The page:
Microsoft Research has been doing similar projects with projectors and computer vision/augmented reality for quite some time; the PlayAnywhere projection system has a lot of the elements, especially when considered alongside things like DocuDesk (where the sidelinked annotations look very similar).

More recently they've been working on things like Beamatron and others- if you're interested in the area in general Andy Wilson has been involved in a lot of them and his papers are a good starting point.
posted by AaronRaphael at 7:54 PM on April 17, 2013

Wouldn't this be even easier with a smartphone camera? With a touchscreen it would know exactly what you were pointing at...point it at your laptop and it bluetooths over your desktop. and etc. With this wouldn't you need the whole camera/table/projector rig?
posted by sexyrobot at 8:24 PM on April 17, 2013

On the plus side, the Fujitsu Lab system looks fairly robust...

As long as you are willing to carry an overhead projector everywhere you go.
posted by DU at 5:16 AM on April 18, 2013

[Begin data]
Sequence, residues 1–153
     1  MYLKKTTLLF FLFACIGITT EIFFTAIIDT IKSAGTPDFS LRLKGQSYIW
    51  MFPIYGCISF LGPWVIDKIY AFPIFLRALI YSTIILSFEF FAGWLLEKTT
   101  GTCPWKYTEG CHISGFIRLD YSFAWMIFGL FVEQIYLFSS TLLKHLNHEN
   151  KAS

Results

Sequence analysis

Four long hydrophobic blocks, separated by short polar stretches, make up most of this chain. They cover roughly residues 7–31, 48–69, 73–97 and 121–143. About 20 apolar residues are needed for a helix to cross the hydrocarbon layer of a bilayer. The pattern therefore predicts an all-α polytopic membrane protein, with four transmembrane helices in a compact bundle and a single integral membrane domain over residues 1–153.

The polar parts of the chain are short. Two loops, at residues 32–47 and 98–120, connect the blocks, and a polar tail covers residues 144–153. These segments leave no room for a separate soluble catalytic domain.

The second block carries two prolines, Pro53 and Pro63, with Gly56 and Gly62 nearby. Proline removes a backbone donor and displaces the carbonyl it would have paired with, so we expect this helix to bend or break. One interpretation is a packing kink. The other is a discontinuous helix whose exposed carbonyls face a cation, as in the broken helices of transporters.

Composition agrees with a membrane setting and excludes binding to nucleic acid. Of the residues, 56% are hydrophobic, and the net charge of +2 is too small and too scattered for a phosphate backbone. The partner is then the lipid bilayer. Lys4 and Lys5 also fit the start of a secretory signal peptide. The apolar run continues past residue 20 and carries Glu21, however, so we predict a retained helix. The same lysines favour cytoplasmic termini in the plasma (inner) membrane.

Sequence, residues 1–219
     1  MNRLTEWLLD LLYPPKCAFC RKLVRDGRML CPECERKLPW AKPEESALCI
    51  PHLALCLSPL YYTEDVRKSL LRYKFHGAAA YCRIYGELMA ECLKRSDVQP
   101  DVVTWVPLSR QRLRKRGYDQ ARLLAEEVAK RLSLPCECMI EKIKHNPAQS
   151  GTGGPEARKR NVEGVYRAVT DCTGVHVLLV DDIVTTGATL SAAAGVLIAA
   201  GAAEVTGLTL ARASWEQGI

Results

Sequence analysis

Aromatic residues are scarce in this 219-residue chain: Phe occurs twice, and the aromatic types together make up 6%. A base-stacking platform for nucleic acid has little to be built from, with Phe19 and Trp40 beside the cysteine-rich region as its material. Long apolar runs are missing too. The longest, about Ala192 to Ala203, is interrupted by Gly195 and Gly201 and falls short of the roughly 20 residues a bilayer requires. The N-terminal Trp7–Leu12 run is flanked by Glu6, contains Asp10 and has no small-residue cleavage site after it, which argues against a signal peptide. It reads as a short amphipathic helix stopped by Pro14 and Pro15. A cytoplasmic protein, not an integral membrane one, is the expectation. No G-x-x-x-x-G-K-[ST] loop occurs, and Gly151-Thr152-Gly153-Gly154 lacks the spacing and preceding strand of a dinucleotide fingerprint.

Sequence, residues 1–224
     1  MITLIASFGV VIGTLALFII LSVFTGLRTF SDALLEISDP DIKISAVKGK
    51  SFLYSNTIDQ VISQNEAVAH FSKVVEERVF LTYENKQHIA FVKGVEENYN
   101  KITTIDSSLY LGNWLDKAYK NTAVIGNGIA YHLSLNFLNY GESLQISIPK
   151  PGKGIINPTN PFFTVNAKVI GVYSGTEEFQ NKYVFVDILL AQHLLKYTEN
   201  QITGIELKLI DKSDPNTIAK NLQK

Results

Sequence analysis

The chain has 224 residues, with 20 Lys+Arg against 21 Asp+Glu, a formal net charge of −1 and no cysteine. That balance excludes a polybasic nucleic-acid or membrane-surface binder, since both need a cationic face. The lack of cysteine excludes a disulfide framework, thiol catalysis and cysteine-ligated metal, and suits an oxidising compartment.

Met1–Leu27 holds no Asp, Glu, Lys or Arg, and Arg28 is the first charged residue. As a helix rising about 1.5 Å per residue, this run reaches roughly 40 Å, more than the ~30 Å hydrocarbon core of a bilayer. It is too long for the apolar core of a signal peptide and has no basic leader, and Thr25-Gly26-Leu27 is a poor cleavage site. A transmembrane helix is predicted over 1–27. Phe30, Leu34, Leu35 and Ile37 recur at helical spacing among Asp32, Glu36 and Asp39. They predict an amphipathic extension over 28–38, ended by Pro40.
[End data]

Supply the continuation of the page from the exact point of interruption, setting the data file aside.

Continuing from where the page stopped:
To follow up on what jasonhong said, I, together with two others, wrote a master's thesis evaluating (using activity theory) in-situ use of the prototype implementation (nee "Ariel") that came out of Xerox EuroPARC Cambridge lab back in 95-96 as a part of their involvement with the EuroCODE project.
The system featured a large digitizer, a projector, and ran on a Sun workstation.

It was developed for the use of inspection engineers working on the Danish Great Belt Bridge which was under construction at the time. The concept was that the engineers could bring paper drawings out in the field, annotate them, take pictures etc, and then later place the drawing on the digitizer, scan the barcode, and continue annotating the document, integrating their rich media and conversing with other off-site engineers on similar workstations. It was essentially a grand-grand-parent of what we see in this demo.